Another critique of human societal restrictions on the nature-loving human spirit, this poem is less harsh and more playful than most of Blake’s other such works. The boy loves “to rise in a summer morn,/When the birds sing on every tree.” He enjoys nature in all its splendor, “But to go to school in a summer morn,/O! it drives all joy away.” The boy longs for the freedom of the outdoors and cannot “take delight” in his book. He asks, “How can the bird that is born for joy,/Sit in a cage and sing.” His youth and innocence are suited to playing in the summertime fields, not to sitting captive to a dreary educational system.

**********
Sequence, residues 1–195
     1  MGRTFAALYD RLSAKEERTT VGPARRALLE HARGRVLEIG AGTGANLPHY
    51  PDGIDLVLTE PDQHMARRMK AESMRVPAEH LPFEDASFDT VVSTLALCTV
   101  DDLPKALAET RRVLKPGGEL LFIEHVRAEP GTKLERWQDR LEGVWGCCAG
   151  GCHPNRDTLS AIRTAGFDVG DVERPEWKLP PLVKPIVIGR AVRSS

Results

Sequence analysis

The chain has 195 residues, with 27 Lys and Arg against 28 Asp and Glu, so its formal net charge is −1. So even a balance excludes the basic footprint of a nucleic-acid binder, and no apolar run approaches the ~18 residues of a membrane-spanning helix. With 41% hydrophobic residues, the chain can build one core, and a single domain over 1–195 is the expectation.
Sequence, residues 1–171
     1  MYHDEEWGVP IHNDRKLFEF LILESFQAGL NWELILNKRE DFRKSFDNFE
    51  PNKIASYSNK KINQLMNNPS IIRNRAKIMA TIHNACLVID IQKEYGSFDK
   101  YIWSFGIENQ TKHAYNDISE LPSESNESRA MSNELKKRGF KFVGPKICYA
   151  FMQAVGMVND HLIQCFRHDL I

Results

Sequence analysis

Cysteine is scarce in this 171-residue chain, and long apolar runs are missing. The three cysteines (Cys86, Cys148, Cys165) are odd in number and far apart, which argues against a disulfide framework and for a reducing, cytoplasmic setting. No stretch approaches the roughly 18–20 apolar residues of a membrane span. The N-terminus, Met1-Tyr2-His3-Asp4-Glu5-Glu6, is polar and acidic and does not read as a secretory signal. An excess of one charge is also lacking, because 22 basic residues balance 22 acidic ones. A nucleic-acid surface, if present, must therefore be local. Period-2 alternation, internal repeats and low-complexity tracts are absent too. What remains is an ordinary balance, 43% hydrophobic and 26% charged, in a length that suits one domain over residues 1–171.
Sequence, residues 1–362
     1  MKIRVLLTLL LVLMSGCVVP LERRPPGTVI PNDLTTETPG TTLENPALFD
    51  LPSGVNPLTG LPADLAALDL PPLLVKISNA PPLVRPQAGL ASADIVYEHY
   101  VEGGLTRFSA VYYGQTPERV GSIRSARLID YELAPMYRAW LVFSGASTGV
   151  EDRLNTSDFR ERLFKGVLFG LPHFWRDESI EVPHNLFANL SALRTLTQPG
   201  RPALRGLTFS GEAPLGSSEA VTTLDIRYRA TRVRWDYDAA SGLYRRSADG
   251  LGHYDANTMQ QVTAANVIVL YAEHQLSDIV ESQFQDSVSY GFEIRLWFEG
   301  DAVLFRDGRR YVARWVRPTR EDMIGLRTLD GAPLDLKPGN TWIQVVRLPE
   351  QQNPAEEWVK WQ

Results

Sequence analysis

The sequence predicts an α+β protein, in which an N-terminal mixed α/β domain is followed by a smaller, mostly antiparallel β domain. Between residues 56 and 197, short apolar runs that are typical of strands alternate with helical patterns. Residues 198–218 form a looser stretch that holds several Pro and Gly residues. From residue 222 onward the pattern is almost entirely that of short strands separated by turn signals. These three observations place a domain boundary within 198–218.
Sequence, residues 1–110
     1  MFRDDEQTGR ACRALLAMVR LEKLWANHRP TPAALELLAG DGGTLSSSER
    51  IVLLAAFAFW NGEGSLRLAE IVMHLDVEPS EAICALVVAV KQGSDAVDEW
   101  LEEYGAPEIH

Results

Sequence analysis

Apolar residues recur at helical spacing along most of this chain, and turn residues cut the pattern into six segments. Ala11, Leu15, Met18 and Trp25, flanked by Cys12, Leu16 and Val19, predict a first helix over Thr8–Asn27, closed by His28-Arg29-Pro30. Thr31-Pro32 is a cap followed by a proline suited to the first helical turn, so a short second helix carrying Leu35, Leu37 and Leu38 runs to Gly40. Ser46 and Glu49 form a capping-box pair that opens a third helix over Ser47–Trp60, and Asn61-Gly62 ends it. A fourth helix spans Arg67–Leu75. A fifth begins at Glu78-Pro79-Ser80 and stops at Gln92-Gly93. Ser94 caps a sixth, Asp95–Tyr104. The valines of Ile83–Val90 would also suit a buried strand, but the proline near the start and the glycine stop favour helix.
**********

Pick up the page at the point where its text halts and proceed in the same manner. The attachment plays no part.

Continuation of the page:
"The School-Boy" is a six-stanza poem of five lines each. Each stanza follows an ABABB rhyme scheme, with the first two stanzas using the same word "morn" to rhyme in the first lines. The repetition of the word “morn” as well as similarly low-sounding words such as "outworn," "bower," "dismay," and "destroy" lend the poem a bleak tone in keeping with the school-boy's attitude at being trapped inside at school rather than being allowed to move freely about the countryside on this fine summer day.
Blake suggests that the educational system of his day destroys the joyful innocence of youth; Blake himself was largely self-educated and did not endure the drudgery of the classroom as a child. Again, the poet wishes his readers to see the difference between the freedom of imagination offered by close contact with nature, and the repression of the soul caused by Reason’s demands for a so-called education.